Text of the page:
Michael Dobbs with David Kipen: The Unwanted: America, Auschwitz, and the Village Caught in Between
Michael Dobbs' masterful new book, The Unwanted: America, Auschwitz, and a Village Caught in Between, reads like a novel about one of our darker, more complex hours in history. The breadth of Jewish refugee experience during World War II is enormous. Michael Dobbs, however, concentrates on a few families who lived in one village in southern Germany before their deportation, and their desperate efforts to obtain visas to America. Their stories are deeply personal and vivid, and their experiences, documented in many cases by photographs, connect with the reader with great impact and immediacy.
In 1940, Franklin Delano Roosevelt leads an isolationist, anti-Semitic and xenophobic America. Dobbs questions about Americas role in the Jewish refugee crisis, about our indifference, are harrowing. What is new, what is different, is the magnifying glass applied to a small group of individuals from one town. He uses diaries, letters, records and interviews to recreate and amplify the experience of Jews living in an increasingly hostile and terrifying environment. He tracks these families as they face bureaucrats who hold the key to life or death for thousands upon thousands of Jews.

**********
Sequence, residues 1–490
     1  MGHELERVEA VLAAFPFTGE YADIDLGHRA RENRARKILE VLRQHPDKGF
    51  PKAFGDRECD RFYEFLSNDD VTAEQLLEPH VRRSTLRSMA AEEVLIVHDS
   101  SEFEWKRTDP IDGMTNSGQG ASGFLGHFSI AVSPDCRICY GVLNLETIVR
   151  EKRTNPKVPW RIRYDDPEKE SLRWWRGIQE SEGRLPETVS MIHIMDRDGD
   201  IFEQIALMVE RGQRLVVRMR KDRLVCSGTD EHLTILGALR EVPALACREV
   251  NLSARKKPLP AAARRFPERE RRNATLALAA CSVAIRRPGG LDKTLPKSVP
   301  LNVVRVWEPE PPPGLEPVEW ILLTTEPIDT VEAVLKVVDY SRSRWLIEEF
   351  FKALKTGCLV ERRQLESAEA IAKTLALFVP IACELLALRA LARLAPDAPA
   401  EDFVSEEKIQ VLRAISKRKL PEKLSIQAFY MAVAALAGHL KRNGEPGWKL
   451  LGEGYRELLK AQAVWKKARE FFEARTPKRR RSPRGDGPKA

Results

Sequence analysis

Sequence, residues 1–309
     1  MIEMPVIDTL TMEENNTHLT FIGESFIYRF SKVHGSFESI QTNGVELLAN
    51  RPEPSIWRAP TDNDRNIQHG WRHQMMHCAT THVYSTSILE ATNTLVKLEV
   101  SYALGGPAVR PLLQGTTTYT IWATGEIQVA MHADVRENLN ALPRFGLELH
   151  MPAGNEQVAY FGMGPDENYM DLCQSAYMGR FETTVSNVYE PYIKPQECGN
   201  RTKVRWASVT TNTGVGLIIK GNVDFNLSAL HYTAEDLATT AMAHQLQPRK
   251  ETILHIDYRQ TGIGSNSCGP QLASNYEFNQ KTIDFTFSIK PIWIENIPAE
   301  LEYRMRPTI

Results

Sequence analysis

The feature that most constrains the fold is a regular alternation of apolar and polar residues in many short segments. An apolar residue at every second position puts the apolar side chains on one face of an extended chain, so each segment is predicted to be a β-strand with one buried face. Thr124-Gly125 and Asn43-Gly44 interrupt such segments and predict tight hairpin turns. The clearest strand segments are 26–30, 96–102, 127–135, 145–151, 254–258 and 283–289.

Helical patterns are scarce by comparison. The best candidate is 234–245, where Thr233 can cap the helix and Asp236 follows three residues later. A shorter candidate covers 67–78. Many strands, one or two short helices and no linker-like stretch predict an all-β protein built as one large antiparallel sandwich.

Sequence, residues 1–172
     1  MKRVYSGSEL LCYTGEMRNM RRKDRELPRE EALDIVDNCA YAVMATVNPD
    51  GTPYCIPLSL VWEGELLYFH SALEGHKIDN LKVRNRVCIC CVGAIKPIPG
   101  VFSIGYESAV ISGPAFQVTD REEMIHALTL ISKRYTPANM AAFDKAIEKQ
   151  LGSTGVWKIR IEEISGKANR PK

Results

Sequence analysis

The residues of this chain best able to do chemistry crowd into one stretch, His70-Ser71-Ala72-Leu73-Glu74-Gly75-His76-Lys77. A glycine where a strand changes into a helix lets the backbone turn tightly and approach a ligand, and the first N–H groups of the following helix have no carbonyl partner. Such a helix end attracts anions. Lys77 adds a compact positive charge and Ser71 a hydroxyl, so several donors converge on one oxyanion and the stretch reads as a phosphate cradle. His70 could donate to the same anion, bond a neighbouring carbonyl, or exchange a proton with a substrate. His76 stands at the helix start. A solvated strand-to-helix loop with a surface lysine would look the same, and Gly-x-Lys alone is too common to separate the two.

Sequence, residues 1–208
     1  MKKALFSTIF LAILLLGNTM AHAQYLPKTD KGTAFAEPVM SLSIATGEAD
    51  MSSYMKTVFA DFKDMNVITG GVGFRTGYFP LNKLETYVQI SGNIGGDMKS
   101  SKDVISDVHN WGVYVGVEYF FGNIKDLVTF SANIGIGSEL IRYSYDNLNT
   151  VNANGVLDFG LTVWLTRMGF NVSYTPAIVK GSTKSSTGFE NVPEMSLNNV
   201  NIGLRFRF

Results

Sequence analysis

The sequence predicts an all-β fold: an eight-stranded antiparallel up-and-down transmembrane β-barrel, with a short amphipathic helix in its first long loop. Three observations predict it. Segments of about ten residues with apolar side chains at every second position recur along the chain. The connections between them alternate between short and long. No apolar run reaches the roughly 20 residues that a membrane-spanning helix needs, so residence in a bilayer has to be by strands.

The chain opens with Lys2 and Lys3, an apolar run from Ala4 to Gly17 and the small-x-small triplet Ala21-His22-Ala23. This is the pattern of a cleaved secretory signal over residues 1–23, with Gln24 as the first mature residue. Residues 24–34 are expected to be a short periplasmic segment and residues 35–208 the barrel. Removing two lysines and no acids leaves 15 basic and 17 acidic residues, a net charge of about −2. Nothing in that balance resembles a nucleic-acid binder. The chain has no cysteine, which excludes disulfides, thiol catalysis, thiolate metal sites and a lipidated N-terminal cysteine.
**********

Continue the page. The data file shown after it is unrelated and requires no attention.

In conversation with David Kipen. David is the former book critic for the San Francisco Chronicle, and former director of the Big Read project for the National Endowment for the Arts. He is an editor and author, most recently of the acclaimed book, Dear Los Angeles: The City in Diaries and Letters 1542 to 2018.
Published by Knopf in association with the United States Holocaust Memorial Museum in Washington, DC. The book is part of a groundbreaking educational exhibit at the Museum that includes a new exhibition, Americans and the Holocaust, on display in Washington, D.C. https://exhibitions.ushmm.org/americans-and-the-holocaust/main
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